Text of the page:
[Maria 00:21:31] That takes time. You know, and I think it's important for if people are thinking and they're listening to this and thinking about switching careers or opening businesses or whatnot, it takes time to refine your offer. It takes time to actually find the identity of who you are. But that cannot just happen in theory. Right? I mean, you just have to go through the practice of doing things. And usually what I recommend, if I can, if I may, is that you may do or you may start with a variety of things that are adjacent and see what happens. Right. When I opened the company, I had this idea that I also wanted to design the rooms where the art was and honestly, that was a job that paid a lot of money. But I it's not that I hated it. It's just that the market also was telling me that I was getting all these people asking me more and more to be just their art advisor because they already had the houses and because they had already hired the designers. And while it was fun and creative, I did not come to this world to put rocks in people's houses. I absolutely know that. Right. And so there is a combination of things that are going to happen along the way when you are building a business, right? You, either the market is going to tell you what you said, that your zone of genius is, because the feedback you're going to receive. Right. And unless you're blind or extremely stubbon which is not a quality that I recommend for anybody into entrepreneurship to actually be stubborn, you can be, but, but you know, but not with like change in the business when, when the numbers are not right or the market is telling you something. So the market tells you where is your zone of genius usually. Right. And you also start paying attention to what the media says about you and how they categorize you. And what are the things that are, you know, what are the hits, right? Like a lot of people obviously nowadays resort to online marketing, whether it is newsletters or blog or podcasts or anything and everything, social media, Instagram. So why are the hits there? What's people doing where people are clicking? Why are people calling? You know? So you've got to be very attuned to what is happening outside and surrounding the business, because that is definitely the thing that's going to tell you. And obviously, we don't want also people who are doing things that they don't want to do. And that's why I also didn't do the design anymore because it didn't give me joy as the other things gave me. Right. And it's very important to experiment. People who don't experiment don't get really far in life, the truth is, right, and every in every experiment there is a possibility of a failure. And that's okay because failures usually are just tremendous experiences and not in that cliché way, like, oh, every time you fail, you're going to learn a lesson that's kind of B.S. If you think about it in that way, it's more like, you know, failures give you skills. If you, for example, spend an enormous amount of time working on a part of the business that really doesn't pan out, you learned a hell of new things that can be incorporated, separated, and you know, and packaged in different ways. So I you know, there is always this part of the messy middle like people call the messy middle, which is like, you know, once you've gotten the business off the ground and you're kind of moving forward, then you get to the point where you're like, I don't know what's happening. You know, it's so strange, right? But I think the messy middle is important, is very important. And I think the messy middle can happen many times because in the times that we live we have to live many lives and we have to have many businesses within the business and we have to change the business many times. I don't see any company that started one way is going to continue being the same thing even five years from now or three years from now, because the enormous changes that are a societal and cultural, political, whatever, you know, you name it, right are going to require from us making these shifts if we want to thrive. It's not just barely survive and kind of like, you know, oh yeah, no, you want to thrive. And to do that, you require a lot of creative thinking and you require a lot of willingness to make shifts and pivots even when it's uncomfortable, even when it hurts a little bit. You know, I don't advocate for suffering, but I think that, you know, if you're feeling some pain and that means you need to shift, and if you have a learning curve ahead of you, that's going to be bothersome, but is the only way you have to really commit to that.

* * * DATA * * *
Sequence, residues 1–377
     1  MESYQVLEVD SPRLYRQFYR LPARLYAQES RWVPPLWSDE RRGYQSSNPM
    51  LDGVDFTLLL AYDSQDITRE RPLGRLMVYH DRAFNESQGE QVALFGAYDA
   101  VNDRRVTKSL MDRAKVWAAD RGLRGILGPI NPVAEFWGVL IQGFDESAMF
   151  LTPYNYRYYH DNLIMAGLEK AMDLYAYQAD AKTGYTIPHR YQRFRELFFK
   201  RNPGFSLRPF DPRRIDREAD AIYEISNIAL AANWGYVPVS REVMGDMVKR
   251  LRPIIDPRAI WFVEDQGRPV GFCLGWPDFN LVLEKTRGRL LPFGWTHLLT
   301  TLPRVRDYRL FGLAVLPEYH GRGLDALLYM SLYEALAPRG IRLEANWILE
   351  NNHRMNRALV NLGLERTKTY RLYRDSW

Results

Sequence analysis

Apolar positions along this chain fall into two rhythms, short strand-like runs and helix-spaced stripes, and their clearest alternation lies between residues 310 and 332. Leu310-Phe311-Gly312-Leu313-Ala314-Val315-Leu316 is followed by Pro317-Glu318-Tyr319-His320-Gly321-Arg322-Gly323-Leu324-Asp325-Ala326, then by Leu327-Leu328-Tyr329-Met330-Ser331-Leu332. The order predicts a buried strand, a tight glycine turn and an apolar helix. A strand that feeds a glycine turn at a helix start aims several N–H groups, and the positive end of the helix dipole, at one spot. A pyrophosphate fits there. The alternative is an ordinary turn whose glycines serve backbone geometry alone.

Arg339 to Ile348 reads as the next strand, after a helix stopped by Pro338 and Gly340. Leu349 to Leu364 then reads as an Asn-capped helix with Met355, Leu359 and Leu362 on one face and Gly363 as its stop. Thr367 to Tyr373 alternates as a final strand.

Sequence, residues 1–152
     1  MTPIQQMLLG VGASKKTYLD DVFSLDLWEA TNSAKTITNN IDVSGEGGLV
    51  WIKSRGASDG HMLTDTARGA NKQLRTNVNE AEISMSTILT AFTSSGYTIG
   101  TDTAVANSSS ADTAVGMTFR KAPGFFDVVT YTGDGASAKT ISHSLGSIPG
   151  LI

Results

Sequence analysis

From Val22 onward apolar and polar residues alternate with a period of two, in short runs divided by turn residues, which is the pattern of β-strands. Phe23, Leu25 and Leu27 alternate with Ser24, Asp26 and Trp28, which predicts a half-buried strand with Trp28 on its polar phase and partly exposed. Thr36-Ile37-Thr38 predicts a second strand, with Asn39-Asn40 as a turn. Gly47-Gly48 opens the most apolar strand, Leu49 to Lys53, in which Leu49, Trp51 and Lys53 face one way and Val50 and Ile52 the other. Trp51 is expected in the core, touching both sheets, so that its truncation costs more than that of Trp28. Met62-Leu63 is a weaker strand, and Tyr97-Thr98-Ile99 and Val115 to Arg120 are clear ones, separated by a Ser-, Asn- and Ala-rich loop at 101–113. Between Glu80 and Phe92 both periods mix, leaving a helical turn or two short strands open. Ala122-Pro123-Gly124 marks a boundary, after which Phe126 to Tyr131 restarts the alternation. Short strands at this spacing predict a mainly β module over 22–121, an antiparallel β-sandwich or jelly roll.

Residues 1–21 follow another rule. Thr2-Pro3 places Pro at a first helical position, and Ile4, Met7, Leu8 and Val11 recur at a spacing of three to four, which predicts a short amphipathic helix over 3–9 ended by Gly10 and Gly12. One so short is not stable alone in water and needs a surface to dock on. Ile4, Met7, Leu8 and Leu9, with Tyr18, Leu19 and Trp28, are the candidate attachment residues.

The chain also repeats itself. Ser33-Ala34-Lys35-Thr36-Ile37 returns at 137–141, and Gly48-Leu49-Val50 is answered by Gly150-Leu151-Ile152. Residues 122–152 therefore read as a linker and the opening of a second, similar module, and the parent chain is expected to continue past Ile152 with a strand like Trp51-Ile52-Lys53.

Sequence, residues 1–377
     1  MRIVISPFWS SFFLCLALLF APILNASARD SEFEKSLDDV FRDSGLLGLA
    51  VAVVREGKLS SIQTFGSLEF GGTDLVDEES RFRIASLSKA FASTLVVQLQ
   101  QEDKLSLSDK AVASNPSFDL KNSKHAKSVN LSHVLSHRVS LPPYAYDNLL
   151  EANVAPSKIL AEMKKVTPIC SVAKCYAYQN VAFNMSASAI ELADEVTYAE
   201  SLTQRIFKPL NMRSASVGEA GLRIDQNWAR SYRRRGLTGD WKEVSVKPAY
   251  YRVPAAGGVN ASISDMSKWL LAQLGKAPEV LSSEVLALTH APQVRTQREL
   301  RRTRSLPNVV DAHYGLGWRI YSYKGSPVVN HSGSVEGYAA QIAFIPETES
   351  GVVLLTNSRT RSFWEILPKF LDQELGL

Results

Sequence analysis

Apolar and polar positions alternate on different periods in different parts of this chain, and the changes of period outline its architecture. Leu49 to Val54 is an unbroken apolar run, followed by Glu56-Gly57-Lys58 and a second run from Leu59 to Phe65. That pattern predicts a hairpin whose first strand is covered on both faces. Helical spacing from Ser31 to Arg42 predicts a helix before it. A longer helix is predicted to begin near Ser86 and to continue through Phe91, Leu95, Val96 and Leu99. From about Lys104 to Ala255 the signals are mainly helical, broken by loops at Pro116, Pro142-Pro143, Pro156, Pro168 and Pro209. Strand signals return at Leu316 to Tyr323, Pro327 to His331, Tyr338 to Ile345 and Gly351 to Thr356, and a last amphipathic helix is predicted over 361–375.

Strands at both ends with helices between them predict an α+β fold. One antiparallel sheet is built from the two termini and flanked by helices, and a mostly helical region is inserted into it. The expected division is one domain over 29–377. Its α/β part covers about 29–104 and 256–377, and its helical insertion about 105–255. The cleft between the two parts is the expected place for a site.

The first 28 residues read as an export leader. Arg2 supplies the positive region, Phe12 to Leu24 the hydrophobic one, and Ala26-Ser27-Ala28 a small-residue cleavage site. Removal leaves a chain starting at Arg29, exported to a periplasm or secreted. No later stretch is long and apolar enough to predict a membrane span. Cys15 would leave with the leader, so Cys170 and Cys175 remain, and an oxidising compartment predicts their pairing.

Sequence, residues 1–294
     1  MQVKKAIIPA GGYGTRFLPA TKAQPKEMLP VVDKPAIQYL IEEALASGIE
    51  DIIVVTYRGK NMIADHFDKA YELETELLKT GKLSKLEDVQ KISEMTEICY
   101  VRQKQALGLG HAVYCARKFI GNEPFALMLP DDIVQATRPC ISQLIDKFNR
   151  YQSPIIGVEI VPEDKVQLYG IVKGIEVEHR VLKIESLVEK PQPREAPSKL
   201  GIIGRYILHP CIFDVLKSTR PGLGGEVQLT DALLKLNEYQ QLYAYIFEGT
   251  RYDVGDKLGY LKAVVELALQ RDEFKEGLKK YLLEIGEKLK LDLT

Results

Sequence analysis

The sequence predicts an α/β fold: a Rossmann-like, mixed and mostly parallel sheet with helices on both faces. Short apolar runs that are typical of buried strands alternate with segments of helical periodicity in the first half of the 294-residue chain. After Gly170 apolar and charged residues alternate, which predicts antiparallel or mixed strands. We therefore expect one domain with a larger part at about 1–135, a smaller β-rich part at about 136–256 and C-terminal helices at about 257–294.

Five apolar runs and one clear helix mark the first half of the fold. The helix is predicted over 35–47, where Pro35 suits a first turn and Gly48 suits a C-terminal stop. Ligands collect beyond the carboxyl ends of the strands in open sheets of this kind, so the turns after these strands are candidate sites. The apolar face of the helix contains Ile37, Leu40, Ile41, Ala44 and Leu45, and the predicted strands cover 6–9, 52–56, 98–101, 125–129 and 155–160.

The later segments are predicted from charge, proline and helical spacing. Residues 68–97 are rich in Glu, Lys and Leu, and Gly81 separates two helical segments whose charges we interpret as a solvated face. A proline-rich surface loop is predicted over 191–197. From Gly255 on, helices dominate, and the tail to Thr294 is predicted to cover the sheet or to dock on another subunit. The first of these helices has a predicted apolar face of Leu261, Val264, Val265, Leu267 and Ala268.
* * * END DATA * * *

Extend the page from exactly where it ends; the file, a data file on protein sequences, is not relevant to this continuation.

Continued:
[Ann 00:26:20] I think that's such a beautiful segue into your book because not only are you this incredibly influential art curator to the fancy and famous, but you have now, as you've just said, you have now noticed that you have this gift for helping prime others to find their individual creative selves and bring it out, especially among those who might not self-identify as a creative in the beginning. And I really love that it's a core part of your business. So you have a creativity class called Jump Start, and I think it was out of that, that people started coming to you being like, You need to write this down. More people need to be able to experience it. Is that right? Is that what originally led you to the idea of putting all these best practices down into a book form?